The world's top manufacturing country is the United States, and this has been the case since before World War II. In 2007, the United States' manufacturing output was $1.831 trillion US Dollars (USD). This is about 12% of the USA's entire gross domestic product (GDP), or $12,206 USD for every person in the 150 million-strong labor force. Still, the USA's output per capita is not the world's greatest — that honor goes to Japan.
Important goods manufactured in the United States include the following, in order of percentage of exports in 2007:
- production machinery and equipment, 31.4%;
- industrial supplies, 27.5%;
- non-auto consumer goods, 12.7%;
- motor vehicles and parts, 10.5%;
- aircraft and parts, 7.6%;
- food, feed and beverages, 7.3%;
- and other, 3.0%.
In 2007, the top manufacturing countries besides the United States were as follows:
- China ($1,106 billion USD),
- Japan ($926 billion USD),
- Germany ($670 billion USD),
- Russian Federation ($362 billion USD),
- Italy ($345 billion USD),
- United Kingdom ($342 billion USD),
- France ($296 billion USD),
- South Korea ($241 billion USD),
- Canada ($218 billion USD),
- Spain ($208 billion USD),
- and Brazil ($206 billion USD).
There is also a general correlation between how much a country manufactures and its total GDP. Depending on the percentage of their total economy taken up by manufacturing, a country's economic and political leaders may wish to take steps to adjust accordingly. For instance, the USA has been losing substantial ground to China in recent decades, meaning that US political leaders have an interest in increasing the total percentage of the country's GDP dominated by manufacturing.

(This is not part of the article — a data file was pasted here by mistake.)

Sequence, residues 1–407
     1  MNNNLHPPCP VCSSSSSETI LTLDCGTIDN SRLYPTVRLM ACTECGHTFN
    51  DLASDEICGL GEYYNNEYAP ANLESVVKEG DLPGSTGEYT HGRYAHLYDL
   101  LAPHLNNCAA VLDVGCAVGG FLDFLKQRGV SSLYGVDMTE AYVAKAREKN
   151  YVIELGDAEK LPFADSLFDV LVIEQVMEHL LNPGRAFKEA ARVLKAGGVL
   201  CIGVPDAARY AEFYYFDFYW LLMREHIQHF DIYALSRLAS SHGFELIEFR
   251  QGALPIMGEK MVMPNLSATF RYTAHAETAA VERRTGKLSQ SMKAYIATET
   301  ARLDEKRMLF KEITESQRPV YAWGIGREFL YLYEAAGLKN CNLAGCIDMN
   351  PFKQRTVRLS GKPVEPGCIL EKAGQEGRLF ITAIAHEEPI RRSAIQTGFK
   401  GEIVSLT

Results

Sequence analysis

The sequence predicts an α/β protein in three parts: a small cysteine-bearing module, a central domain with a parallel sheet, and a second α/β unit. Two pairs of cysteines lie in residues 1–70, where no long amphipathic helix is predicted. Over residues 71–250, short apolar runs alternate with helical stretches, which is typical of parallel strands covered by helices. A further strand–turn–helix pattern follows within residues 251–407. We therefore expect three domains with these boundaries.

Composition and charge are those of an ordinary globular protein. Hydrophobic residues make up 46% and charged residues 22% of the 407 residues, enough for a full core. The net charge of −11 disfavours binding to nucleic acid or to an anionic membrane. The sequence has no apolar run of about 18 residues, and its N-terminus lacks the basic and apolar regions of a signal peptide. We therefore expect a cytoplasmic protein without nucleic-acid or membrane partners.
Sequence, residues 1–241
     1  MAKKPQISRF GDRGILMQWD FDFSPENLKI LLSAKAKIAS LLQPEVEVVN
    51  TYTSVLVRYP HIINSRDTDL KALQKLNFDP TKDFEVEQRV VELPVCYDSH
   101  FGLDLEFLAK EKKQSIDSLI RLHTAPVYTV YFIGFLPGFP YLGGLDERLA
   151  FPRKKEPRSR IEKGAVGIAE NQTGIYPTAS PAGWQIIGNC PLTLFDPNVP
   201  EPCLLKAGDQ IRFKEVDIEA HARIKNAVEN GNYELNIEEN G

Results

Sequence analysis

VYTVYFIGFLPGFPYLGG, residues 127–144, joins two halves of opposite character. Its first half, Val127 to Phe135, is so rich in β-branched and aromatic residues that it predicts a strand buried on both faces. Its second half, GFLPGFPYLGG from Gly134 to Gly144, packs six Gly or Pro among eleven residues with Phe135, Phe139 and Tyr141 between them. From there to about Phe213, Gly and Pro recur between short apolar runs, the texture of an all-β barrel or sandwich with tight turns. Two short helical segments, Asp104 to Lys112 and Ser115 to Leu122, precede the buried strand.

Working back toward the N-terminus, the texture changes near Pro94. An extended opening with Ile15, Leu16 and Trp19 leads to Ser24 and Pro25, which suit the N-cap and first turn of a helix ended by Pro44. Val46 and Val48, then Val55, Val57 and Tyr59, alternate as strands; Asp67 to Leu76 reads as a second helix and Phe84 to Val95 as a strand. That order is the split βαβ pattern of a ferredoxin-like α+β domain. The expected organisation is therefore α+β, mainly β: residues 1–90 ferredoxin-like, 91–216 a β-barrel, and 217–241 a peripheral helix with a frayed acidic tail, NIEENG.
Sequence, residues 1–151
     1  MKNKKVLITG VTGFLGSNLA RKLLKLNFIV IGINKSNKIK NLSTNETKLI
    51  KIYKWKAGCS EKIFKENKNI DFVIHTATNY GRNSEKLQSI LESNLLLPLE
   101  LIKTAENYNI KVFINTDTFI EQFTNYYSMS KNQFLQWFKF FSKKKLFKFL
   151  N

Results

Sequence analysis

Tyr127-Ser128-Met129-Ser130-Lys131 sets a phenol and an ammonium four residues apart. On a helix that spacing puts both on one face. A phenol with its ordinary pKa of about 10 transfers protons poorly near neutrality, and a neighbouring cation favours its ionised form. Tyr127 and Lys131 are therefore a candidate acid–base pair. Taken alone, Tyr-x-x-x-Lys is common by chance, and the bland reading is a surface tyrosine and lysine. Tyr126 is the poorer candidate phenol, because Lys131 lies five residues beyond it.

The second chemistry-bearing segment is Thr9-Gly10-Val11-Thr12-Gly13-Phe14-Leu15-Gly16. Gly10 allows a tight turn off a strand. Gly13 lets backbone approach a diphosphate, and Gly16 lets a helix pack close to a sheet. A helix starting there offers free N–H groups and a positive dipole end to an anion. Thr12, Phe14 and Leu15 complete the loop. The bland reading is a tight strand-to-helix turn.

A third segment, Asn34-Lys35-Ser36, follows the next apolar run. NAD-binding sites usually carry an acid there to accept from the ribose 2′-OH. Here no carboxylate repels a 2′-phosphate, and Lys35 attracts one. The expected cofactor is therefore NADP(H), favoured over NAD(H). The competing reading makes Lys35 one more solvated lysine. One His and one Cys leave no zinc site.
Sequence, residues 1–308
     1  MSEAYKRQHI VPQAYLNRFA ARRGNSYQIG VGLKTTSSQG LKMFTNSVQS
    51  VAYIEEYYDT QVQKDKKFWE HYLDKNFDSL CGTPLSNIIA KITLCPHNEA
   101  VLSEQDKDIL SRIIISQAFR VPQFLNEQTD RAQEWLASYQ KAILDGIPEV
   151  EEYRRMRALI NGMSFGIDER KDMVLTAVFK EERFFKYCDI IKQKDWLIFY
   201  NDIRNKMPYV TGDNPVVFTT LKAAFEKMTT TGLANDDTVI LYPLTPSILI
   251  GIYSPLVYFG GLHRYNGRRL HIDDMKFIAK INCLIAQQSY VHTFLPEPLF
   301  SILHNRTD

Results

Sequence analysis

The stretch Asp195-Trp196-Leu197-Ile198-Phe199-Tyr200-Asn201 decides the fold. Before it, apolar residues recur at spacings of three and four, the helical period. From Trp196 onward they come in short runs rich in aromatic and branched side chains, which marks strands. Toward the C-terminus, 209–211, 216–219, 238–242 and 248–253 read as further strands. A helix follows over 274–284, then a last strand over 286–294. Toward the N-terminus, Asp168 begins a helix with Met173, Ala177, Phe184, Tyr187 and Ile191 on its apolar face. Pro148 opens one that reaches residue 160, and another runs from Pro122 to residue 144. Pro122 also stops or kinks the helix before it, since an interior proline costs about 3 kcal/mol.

Of all the leading manufacturers, the one that is growing the fastest economically is China. China's GDP grew by 22.59% in 2007, which was among the greatest GDP growth out of any country, made all the more impressive by China's huge size, with over 1.1 billion people. The country's leaders wish to reclaim China's position as the world's #1 manufacturer by 2020, and have engaged in an ambitious industrialization program to do so. Because much of China is still unindustrialized, China has considerable room for improvement, while the United States is already completely industrialized. China was once before the world's leading manufacturer — back in 1830, the country was responsible for 30% of the global industrial output.
There is much debate among economists about the various measures of manufacturing output and what they mean. For instance, there is gross total output, the total of all value added to manufactured goods throughout the manufacturing process, the per capita manufacturing output, the manufacturing output as a percentage of the GDP, and other measurements.